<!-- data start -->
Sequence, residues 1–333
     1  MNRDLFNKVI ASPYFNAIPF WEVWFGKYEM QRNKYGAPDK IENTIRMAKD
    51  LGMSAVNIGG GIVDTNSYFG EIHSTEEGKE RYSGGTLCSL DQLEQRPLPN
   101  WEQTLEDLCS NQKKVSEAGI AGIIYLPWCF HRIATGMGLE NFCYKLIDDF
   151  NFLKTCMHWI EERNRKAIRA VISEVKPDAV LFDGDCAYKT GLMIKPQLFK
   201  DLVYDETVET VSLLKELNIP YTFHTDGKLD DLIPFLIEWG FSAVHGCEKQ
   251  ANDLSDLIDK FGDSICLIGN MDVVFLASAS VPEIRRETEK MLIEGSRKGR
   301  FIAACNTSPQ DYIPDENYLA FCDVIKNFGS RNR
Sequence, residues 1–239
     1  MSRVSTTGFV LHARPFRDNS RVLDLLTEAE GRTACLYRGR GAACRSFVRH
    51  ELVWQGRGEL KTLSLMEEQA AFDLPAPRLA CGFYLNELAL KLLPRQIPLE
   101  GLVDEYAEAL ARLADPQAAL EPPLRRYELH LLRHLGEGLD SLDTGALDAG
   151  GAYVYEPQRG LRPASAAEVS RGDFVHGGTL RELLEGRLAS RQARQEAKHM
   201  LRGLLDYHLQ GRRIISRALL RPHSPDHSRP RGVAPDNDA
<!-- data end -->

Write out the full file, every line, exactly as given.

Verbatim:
Sequence, residues 1–333
     1  MNRDLFNKVI ASPYFNAIPF WEVWFGKYEM QRNKYGAPDK IENTIRMAKD
    51  LGMSAVNIGG GIVDTNSYFG EIHSTEEGKE RYSGGTLCSL DQLEQRPLPN
   101  WEQTLEDLCS NQKKVSEAGI AGIIYLPWCF HRIATGMGLE NFCYKLIDDF
   151  NFLKTCMHWI EERNRKAIRA VISEVKPDAV LFDGDCAYKT GLMIKPQLFK
   201  DLVYDETVET VSLLKELNIP YTFHTDGKLD DLIPFLIEWG FSAVHGCEKQ
   251  ANDLSDLIDK FGDSICLIGN MDVVFLASAS VPEIRRETEK MLIEGSRKGR
   301  FIAACNTSPQ DYIPDENYLA FCDVIKNFGS RNR
Sequence, residues 1–239
     1  MSRVSTTGFV LHARPFRDNS RVLDLLTEAE GRTACLYRGR GAACRSFVRH
    51  ELVWQGRGEL KTLSLMEEQA AFDLPAPRLA CGFYLNELAL KLLPRQIPLE
   101  GLVDEYAEAL ARLADPQAAL EPPLRRYELH LLRHLGEGLD SLDTGALDAG
   151  GAYVYEPQRG LRPASAAEVS RGDFVHGGTL RELLEGRLAS RQARQEAKHM
   201  LRGLLDYHLQ GRRIISRALL RPHSPDHSRP RGVAPDNDA